Artificial intelligence and mental health: what does the law say?


A symposium on artificial intelligence (AI) and mental health was held in Caen on 29 and 30 January 2024. The two days of the conference were an opportunity for approximately twenty national and international researchers and clinicians to discuss the development of these technologies in the field of mental health. It was also an opportunity to challenge the current framework for AI jobs in healthcare on a legal and ethical level.

AI, the tool of the future in mental health

Various conferences have shown that artificial intelligence can be useful both to support research and to facilitate the journey of care for mental health patients.

For example, scientists from the University of Cergy are using artificial intelligence to study the coordination of people with schizophrenia.. The artificial intelligence implemented by the robot allowed them to control the parameters and thus investigate what is the origin of the social deficit associated with this disorder.

There are also avenues being developed for the use of AI in the diagnostic phase. They still remain imperfect, but their use is becoming more and more plausible. The most developed and robust systems are currently based on interview transcripts and specialize in detecting a specific disorder such as schizophrenia or depression.

A more concrete solution that can affect everyday life is the ability to use AI to detect the onset of a symptom (anxiety, withdrawal, etc.). Once a symptom is identified, it can be treated as quickly as possible with, for example, breathing exercises.

What legal framework?

The increasingly concrete arrival of these technologies in the solution of health and especially mental health raises the question: what is the framework for these uses?

During the symposium in Caen, Christian Byk, the representative of France in the Intergovernmental Bioethics Committee of UNESCO, recalled that these legislative questions are important in view of the prevalence statistics in the European population. In 2021, about 30% of the European population (500 million inhabitants) suffered from mental health problems.

In France, as Aurore Catherine, lecturer in public law at the University of Caen, explains, it is the 2021 bioethical law that prevails over the current law for these issues of the use of artificial intelligence in the context of health, and therefore mental health. This law aims to regulate the use of digital methods in health, in particular by specifying the obligation to inform the patient (or his legal representative) about the use of these tools.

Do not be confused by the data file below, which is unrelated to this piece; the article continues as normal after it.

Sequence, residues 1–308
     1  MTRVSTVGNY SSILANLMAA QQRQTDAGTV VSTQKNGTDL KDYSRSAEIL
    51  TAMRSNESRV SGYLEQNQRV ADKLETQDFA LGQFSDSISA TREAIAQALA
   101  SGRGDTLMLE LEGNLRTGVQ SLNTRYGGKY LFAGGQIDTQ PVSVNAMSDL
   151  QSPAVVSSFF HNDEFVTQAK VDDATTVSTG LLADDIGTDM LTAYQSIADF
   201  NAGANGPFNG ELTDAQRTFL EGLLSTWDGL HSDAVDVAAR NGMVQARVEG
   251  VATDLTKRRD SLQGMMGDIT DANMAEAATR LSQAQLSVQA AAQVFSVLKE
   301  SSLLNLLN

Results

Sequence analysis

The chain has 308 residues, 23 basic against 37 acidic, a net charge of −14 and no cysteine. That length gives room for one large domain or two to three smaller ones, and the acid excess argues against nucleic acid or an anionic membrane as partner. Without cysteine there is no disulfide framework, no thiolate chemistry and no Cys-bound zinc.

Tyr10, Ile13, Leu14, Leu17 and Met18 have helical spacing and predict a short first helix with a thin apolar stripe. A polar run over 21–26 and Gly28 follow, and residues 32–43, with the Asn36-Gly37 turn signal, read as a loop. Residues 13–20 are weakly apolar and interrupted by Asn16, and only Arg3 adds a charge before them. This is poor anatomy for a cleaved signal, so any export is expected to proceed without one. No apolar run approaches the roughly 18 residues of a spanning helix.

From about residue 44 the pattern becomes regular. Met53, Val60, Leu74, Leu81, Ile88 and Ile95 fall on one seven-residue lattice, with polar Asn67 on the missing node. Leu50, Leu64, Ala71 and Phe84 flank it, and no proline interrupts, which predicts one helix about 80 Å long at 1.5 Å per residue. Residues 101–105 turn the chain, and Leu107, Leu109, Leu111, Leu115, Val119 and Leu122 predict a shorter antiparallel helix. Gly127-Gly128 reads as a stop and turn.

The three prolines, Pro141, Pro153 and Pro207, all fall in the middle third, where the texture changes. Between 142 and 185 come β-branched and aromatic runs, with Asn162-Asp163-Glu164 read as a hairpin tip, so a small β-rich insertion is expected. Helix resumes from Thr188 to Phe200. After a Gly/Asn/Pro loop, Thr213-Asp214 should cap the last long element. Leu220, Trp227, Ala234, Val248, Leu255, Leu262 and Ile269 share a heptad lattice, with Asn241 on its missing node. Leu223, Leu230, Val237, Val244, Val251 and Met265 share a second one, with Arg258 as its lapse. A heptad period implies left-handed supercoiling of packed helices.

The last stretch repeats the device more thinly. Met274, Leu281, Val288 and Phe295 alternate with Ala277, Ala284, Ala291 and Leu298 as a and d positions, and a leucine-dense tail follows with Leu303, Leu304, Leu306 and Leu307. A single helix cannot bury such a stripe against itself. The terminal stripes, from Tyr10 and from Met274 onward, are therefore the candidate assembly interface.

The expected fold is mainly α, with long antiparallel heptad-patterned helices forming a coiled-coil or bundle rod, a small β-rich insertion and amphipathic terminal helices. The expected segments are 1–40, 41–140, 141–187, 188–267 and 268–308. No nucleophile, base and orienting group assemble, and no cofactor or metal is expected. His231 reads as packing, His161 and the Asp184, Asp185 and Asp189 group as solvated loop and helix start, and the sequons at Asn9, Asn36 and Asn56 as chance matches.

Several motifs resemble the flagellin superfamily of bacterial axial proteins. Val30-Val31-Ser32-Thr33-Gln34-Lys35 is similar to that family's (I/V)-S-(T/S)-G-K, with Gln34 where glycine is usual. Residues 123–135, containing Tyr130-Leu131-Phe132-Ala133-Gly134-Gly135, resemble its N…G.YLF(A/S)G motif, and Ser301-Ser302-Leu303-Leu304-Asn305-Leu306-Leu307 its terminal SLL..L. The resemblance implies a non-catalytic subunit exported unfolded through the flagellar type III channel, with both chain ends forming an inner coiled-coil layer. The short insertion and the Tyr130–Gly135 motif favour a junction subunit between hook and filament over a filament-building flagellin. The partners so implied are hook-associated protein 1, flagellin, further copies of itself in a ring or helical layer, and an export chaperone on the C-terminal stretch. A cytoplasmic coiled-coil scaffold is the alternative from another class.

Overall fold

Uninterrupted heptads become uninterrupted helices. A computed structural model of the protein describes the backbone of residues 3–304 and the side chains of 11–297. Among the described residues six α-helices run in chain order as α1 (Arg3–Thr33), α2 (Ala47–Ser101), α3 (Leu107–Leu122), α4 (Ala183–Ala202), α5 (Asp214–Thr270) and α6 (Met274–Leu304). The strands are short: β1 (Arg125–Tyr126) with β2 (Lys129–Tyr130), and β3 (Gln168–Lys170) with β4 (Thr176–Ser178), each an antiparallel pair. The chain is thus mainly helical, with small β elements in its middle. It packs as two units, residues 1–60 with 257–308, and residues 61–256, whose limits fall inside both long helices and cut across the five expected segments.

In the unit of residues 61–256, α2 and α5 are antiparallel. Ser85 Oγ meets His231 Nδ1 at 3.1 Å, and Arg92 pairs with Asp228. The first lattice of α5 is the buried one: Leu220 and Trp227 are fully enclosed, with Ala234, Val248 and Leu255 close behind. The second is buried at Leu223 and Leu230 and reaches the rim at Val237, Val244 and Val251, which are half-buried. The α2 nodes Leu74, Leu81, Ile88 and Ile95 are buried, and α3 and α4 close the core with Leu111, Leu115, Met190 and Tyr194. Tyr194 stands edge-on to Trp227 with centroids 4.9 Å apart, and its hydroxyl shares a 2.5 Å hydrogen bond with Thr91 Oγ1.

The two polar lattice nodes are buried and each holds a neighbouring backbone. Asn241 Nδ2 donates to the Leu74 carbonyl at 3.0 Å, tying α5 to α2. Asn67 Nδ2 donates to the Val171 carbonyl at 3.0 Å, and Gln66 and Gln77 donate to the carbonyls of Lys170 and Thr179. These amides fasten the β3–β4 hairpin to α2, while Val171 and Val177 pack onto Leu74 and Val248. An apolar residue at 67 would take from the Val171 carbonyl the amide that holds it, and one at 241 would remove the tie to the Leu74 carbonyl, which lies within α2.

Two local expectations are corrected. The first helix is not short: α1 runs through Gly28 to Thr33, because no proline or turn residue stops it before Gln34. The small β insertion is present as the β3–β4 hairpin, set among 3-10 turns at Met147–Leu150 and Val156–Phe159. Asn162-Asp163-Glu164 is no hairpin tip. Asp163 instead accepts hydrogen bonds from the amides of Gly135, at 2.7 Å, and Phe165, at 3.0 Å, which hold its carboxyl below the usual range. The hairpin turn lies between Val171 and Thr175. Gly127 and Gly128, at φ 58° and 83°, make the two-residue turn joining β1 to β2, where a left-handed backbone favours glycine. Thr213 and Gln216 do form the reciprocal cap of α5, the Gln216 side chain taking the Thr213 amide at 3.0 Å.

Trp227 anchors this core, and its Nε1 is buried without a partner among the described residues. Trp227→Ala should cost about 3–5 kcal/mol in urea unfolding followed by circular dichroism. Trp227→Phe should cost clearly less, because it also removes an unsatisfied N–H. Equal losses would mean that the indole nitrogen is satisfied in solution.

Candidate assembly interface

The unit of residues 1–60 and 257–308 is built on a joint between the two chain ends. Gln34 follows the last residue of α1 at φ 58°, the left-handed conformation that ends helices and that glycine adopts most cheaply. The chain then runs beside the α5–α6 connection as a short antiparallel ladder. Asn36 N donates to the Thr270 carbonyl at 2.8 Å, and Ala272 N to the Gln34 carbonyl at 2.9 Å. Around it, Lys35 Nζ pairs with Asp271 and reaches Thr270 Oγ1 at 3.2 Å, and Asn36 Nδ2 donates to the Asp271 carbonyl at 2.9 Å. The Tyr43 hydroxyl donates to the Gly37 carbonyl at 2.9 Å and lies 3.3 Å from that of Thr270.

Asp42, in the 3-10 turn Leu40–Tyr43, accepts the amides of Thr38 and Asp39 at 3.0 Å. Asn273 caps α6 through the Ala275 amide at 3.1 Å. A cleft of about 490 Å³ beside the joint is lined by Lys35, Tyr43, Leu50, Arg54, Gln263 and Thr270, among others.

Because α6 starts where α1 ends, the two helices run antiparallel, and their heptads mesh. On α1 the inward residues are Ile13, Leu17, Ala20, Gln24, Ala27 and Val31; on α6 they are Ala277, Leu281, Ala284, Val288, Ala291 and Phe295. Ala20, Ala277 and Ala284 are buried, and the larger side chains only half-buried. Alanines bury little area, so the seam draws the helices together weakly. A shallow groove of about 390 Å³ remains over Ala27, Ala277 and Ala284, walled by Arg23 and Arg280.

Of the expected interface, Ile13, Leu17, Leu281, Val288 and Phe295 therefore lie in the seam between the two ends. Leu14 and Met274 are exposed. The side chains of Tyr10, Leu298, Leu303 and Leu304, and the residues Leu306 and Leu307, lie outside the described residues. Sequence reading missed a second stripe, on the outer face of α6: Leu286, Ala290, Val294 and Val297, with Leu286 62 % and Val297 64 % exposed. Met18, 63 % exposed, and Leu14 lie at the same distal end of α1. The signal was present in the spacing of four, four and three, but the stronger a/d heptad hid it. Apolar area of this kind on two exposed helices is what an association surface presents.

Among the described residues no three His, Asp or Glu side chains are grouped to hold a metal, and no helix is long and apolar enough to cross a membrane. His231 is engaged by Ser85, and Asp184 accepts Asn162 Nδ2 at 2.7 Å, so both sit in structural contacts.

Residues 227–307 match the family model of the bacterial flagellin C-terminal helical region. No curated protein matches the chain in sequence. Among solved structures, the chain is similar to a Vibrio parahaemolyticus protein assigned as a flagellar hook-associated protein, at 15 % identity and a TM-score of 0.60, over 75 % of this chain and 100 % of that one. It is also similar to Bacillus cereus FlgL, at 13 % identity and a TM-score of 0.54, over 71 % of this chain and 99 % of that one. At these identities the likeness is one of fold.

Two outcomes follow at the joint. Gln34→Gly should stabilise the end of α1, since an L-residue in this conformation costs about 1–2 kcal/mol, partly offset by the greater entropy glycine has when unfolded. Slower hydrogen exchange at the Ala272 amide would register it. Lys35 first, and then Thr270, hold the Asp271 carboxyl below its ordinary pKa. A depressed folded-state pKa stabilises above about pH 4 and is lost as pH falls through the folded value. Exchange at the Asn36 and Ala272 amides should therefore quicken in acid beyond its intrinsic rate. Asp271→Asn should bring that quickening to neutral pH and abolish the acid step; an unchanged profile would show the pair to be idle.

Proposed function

To store sensitive data useful for training, the government, with the support of the State Council, decided to use servers certified by the National Agency for the Security of Information Systems (Anssi). Solutions such as Microsoft Azur or AWS (data hosting services provided by Microsoft and Amazon) can no longer be used to store health data.

Limits of bioethical law

Aurore Catherine clarifies that bioethics law is limited in its stated goal of protecting patients, and especially the most vulnerable patients (minors or under guardianship). This applies in particular to Article L4001-3 of the Public Health Act.

The article is written in these terms: “A healthcare professional who decides to use a medical device containing algorithmic data processing, the learning of which has been carried out from massive data, for the act of prevention, diagnosis or care, shall ensure that the person concerned has been informed of this and applicable, informed of the resulting interpretation.”

We can note several limitations imposed by Aurora Catherine. First, there is no mention of the patient’s consent to the use of their data. The healthcare worker only has the duty to ensure that the patient is informed.

The second problem is the clear absence of specifying which means should inform the patient. In its terms, it can be the practitioner himself, as well as any other intermediary.

A third problem, the practitioner must ensure that the patient is aware of the interpretation, but not of the manner in which the interpretation was made. How data processing works is not necessarily explained to the patient.

Recommendations for changing the law

Aurore Catherine suggests several avenues for amending the Bioethics Act, starting with the respecification of cases for the most vulnerable patients (possibly mentioning the involvement of a guardian or legal representative).

According to her, it is also important to re-specify the patient’s consent to the use of such tools. This importance of consent was also pointed out by health professionals during this symposium.

The complexity of the algorithms and their operation requires, again according to Aurora Catherine, the implementation of support systems. We can imagine the duty of an AI clerk in hospitals who supports the patient and doctor in using these new tools and who can help communicate how they work.

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